Cybercrime is now the number one threat facing U.S. businesses of all sizes, including SMBs.
Last year's high-profile ransomware attacks have shown business owners that cyber-criminals don't discriminate when it comes to their targets. With experts agreeing that 2018 will be an even bigger year for cybercrime, no business can afford to be complacent.
If you're not convinced, check out these 10 alarming cybercrime facts that reveal the scale of the problem that's costing small firms big money.
$7.35 million is the average cost of a data breach in the United States, according to the Ponemon Institute – a 5% increase from 2016. The average cost for SMBs is $690,000.
61% of SMBs experienced a cyber-attack in the last 12 months, up from 55% the previous year. 54% of firms had data breaches involving the theft of customer and employee information.
Every 39 seconds a hacker attacks an internet-connected computer in the United States. The Clark School at the University of Maryland also found that 1 in 3 Americans has already been the victim of a cyber-attack.
More Americans pay ransoms than businesses in any other country. Symantec's 2017 Internet Security Threat Report found that 64% of U.S. businesses admit giving in to ransomware demands, compared to the 34% global average. There's no guarantee that paying a ransom will release hijacked data, and doing so encourages cybercrime to continue.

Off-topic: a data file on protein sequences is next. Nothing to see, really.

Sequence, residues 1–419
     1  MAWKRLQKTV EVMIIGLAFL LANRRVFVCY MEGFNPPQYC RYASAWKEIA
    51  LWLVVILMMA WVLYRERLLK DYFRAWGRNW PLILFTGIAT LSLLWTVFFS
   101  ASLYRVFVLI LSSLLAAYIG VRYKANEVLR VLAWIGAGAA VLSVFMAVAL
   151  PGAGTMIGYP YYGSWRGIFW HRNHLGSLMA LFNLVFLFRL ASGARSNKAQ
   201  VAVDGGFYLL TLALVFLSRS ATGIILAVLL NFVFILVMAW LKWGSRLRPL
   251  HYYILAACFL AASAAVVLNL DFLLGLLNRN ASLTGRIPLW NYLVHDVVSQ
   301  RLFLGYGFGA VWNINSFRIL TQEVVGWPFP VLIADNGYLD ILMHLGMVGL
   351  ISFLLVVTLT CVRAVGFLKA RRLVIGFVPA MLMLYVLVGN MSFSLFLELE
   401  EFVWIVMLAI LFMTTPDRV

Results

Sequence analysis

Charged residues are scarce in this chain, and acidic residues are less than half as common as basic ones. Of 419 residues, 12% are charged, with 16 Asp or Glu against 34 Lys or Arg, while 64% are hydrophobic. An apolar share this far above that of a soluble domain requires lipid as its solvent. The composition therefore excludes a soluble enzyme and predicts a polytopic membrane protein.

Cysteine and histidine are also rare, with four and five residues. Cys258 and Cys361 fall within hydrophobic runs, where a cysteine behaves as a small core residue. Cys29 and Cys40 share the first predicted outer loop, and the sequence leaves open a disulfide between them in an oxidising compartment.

1 in 5 businesses faced downtime of 25 hours or more following ransomware attacks last year, according to Osterman Research. Many had to shut down their systems for longer than 100 hours. U.S. businesses have more downtime than the global average.
Most threats are caused by employees. 54% of data breaches are the fault of negligent workers or contractors clicking on suspicious emails and websites, up from 48% last year according to the Ponemon Institute's 2017 State of Cybersecurity in Small & Medium-sized Businesses.
U.S. businesses are less confident in their ability to prevent ransomware attacks than most countries. Only 7% of organizations told Osterman Research they felt "very confident" about data security compared to the 10% global average.
Cybersecurity vacancies will triple to hit 3.5 million job openings worldwide by 2021. Cybersecurity Ventures predicts that the U.S. alone will have more than half a million unfilled positions as the demand for security experts outpaces the supply.
$5 billion was the worldwide toll of ransomware attacks in 2017, according to Cybersecurity Ventures estimates – more than 15 times the cost just two years earlier ($325 million). Ransom demands themselves are only a fraction of this cost. More money is lost to downtime, productivity losses and fines.
$6 trillion will be the global cost of cybercrime by 2021. The projected rise of organized crime and state-sponsored hacking will make cybercrime more profitable than the global drugs trade, involving the greatest transfer of economic wealth in history.